To understand density -- and have a break from science and a snack -- pop some popcorn. Start by weighing a certain amount -- say 1/4 cup popcorn kernels, or a single microwave popcorn bag. Weigh them in the bowl you will put the popped popcorn in -- this is known as 'tare' weight and makes it easier to be accurate. Then with the help of your parents, pop the popcorn. Put it back in the bowl and weigh everything again (including the bag if you used a microwave.) Is there any difference? If there is, what could account for the difference? Did you notice any steam leaving the popper or the bag? Where was all that steam in the kernels?

To understand that weight is a function of force, find a bathroom scale that has a live reading. Step on to the scale and stand very still. This will give you an accurate measure of both your weight and mass. Now extend as tall as you can then quickly fall into a crouch and watch your weight as you hit bottom. If you have a spring loaded scale you can even jump on it (with your parent's permission). Your mass in motion gains 'weight' with the energy of movement.

Finally, a fun gravity experiment, all the way from Galileo. Legend has it that he dropped balls from the Tower of Pisa to figure out how the laws of gravity work. First, take a piece of paper and a book. Hold one in each hand and drop them at the same time. The book will slam to the floor and the paper will float slowly and gently down. The paper is slower because air slows it down -- it has a lot of resistance. Next, hold the paper and book vertically and drop them. The paper falls a lot faster now, right? Try some other things -- remember our paper airplane experiment that was all about aerodynamics? Fold a sheet of paper into an airplane, point it straight at the ground and drop it at the same time as the book. Almost even now? Finally, cut a piece of paper just slightly smaller than the size of the book. Place it flat on top of the book and with two hands carefully drop the book so that it falls flat. The paper stays put on the book and falls at exactly the same speed! With no air resistance to slow it, the flat piece of paper falls as quickly as the book!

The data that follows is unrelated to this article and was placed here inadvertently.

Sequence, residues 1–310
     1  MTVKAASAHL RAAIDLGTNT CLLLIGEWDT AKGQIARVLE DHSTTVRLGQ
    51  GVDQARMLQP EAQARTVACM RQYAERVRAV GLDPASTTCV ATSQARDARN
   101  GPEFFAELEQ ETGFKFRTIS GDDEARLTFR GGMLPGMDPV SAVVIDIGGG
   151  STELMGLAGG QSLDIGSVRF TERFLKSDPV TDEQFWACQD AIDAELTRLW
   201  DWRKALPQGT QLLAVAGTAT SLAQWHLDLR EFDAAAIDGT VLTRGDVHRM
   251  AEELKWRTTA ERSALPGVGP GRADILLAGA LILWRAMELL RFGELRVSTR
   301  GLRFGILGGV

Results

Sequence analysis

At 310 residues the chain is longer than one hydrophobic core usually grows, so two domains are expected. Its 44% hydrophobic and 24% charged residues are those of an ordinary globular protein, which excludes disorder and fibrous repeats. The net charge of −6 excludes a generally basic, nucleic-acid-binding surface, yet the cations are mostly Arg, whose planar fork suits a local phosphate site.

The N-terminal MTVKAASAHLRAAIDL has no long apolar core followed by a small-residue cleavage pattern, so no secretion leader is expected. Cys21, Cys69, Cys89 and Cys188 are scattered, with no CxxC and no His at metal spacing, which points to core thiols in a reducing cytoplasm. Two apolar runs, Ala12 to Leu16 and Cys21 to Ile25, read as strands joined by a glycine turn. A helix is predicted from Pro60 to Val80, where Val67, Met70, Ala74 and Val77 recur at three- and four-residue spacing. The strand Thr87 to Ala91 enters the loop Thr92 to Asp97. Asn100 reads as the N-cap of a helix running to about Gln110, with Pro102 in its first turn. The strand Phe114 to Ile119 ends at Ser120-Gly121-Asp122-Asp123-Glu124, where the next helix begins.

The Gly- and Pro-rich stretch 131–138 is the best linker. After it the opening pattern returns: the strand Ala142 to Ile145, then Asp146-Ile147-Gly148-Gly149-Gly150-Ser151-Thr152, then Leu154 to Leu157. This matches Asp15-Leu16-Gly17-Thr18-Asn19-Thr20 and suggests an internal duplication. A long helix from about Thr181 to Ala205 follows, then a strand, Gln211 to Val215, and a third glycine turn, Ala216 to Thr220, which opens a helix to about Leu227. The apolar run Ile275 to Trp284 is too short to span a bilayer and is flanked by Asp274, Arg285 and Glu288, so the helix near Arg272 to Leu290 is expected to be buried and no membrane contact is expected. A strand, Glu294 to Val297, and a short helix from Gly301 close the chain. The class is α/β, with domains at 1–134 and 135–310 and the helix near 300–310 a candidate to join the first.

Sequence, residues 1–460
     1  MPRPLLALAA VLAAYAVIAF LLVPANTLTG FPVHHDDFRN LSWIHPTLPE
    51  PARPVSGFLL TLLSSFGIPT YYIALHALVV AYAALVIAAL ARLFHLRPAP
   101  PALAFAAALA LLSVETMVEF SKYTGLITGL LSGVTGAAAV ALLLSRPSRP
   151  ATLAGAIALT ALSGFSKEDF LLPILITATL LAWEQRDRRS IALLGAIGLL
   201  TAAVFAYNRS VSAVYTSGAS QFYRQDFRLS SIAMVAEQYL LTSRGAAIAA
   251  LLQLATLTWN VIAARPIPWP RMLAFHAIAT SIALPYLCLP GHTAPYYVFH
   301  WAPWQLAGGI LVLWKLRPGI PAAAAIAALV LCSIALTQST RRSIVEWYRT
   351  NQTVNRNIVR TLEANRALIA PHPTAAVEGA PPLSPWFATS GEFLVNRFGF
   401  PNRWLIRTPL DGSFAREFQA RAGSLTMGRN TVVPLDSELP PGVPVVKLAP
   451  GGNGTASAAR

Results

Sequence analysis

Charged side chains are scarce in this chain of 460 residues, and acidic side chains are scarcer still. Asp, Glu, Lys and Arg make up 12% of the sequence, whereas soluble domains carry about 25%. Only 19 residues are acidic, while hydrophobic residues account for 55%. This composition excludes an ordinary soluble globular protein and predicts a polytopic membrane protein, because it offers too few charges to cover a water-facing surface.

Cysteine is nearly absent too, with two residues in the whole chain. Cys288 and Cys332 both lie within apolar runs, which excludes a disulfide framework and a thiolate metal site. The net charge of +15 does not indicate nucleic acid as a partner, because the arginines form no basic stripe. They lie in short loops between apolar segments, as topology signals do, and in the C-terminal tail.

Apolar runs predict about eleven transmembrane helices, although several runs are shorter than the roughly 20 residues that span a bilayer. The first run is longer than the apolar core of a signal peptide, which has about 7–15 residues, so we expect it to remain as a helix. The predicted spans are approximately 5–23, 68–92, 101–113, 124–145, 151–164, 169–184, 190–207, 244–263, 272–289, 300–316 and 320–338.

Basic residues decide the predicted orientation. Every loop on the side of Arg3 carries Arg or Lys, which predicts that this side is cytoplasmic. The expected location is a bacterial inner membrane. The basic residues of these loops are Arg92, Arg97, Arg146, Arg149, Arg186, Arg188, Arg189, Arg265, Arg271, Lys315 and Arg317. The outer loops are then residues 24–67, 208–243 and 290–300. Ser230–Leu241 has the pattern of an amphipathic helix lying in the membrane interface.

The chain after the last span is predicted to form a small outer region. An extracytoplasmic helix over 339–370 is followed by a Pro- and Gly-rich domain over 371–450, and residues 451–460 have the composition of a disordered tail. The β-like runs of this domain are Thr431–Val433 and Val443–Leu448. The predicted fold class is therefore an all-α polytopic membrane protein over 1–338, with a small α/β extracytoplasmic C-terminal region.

Science Dad, AKA Vince Harriman, is a freelance writer living in Annapolis. His two sons, Beckett-6 and Rowan-2 1/2 ask him 'why' approximately 6,542 times a day.

The views expressed are those of the author and are not necessarily those of Science Friday.